Ohio’s $86 billion state budget OK’d by governor, but with vetoes on tobacco regulation and vaccines

Published: Jul. 4, 2023 at 12:49 PM EDT|Updated: Jul. 5, 2023 at 4:59 PM EDT
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COLUMBUS, Ohio (AP) — Republican Gov. Mike DeWine cleared Ohio’s $86 billion state budget, signing into law $3 billion in tax cuts and universal school vouchers among hundreds of others provisions for the next two fiscal years.

The governor OK’d the massive budget document early Tuesday, but not without line-item vetoes on issues like tobacco regulation — a longtime battle for DeWine.

DeWine vetoed a second attempt by the GOP-led Legislature to keep local communities from being able to ban the sale of flavored tobacco products — earning him high praise from health advocates. The Legislature’s proposal would have left that up solely to the state.

“This is consistent throughout my career,” DeWine told reporters at a press conference on Wednesday, citing his previous fight for more tobacco regulation in his time as a U.S. Senator. He also said he hopes the state Legislature will soon come to him with a statewide ban on flavored vape products in an effort to prevent kids from getting addicted.

DeWine also nixed a provision that would have banned universities from mandating students get certain vaccines in order to be on campus.

He also vetoed language surrounding an expanded sales tax holiday, which would have lifted sales taxes on many tangible items under $500. Instead of the proposed two weeks funded with $750 million, the length of an expansion will be determined by state tax and budget officials once they can estimate accurate costs for the holiday.

Additionally, DeWine cut out a provision that would have relaxed standards for publicly funded childcare programs statewide by exempting them from a state rating system.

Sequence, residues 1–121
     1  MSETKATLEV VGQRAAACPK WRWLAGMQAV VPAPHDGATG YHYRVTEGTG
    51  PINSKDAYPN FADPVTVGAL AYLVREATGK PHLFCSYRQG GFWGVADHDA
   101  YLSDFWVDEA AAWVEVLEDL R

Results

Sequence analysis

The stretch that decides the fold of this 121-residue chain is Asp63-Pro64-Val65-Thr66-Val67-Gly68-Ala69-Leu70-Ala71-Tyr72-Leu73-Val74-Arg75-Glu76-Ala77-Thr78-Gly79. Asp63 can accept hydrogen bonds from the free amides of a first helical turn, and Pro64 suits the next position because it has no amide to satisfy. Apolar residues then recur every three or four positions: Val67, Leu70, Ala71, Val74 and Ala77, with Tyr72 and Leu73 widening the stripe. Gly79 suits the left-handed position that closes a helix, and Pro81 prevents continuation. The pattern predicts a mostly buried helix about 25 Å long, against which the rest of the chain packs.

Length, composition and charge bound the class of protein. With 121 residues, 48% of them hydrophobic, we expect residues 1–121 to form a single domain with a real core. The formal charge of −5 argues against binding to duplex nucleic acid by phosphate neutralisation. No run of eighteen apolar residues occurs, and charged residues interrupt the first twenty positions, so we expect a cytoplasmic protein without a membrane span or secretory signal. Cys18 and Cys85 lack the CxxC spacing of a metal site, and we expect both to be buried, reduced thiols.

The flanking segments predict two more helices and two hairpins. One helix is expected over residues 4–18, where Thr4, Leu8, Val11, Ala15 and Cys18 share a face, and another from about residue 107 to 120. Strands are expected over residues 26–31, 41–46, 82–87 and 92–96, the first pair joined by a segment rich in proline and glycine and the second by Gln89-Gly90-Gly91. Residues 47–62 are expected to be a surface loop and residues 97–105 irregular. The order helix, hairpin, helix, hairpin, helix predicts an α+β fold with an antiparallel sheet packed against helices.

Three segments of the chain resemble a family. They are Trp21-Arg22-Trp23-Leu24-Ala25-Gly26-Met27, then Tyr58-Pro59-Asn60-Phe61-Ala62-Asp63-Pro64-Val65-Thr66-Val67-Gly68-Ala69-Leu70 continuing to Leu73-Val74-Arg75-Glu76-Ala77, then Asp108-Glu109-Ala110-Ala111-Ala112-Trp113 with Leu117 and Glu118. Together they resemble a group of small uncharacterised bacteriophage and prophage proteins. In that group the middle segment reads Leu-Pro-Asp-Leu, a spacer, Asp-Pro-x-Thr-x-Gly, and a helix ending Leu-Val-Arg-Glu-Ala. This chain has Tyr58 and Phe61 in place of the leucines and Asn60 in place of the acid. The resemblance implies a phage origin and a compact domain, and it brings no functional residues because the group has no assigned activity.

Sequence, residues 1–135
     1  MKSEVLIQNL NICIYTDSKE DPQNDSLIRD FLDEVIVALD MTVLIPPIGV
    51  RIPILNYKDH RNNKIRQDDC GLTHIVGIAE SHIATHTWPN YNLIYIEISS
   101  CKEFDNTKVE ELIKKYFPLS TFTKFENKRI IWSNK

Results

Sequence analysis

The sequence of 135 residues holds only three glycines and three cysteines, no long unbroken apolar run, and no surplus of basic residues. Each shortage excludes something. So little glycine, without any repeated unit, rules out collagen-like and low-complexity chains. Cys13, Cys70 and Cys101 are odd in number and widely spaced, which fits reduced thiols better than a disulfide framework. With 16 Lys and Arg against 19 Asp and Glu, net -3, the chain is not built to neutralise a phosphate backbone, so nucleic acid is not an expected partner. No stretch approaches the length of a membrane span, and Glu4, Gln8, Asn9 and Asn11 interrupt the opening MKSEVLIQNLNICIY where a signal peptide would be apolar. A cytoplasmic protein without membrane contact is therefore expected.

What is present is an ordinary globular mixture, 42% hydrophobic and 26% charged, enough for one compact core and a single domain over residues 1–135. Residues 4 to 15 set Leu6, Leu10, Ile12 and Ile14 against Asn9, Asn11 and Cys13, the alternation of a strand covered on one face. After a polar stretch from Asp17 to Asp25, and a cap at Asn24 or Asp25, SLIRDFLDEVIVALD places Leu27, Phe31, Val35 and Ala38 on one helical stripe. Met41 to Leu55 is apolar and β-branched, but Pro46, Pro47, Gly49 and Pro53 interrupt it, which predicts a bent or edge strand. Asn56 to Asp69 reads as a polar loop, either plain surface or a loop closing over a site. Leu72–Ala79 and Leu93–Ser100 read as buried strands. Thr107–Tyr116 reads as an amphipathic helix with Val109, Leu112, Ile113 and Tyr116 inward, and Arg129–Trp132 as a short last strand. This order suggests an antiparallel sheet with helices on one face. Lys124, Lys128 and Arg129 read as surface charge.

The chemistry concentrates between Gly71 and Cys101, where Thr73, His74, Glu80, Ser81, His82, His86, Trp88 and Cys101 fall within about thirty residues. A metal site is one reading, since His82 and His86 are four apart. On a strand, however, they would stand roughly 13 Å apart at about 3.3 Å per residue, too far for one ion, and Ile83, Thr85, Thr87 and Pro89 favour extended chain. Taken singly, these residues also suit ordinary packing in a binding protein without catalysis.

Overall, although few of his specific priorities laid out back in January made it into the final version of the budget, DeWine applauded the work of the Legislature, calling it a “historic” investment in children, education and workforce needs.

Just last week the state House and Senate hammered out nearly 900 differences between them, despite both chambers holding Republican supermajorities. Main disagreements included measures on how to fund education, public assistance programs and tax cuts as well as far-reaching policy issues overhauling how both K-12 education and public colleges and universities operate in the state.

While Republicans touted the budget as being a win for businesses and families, most Democrats in both chambers voted against the budget’s passage from the Legislature last Friday, saying it fails to protect the most vulnerable Ohioans while benefitting wealthier ones.

The Legislature has until the end of this general assembly to override any of DeWine’s vetoes, something easily done should they choose to, as both chambers have a veto-proof Republican majority.


Samantha Hendrickson is a corps member for the Associated Press/Report for America Statehouse News Initiative. Report for America is a nonprofit national service program that places journalists in local newsrooms to report on undercovered issues.

Final Budget Veto Messages by Nick Kremer on Scribd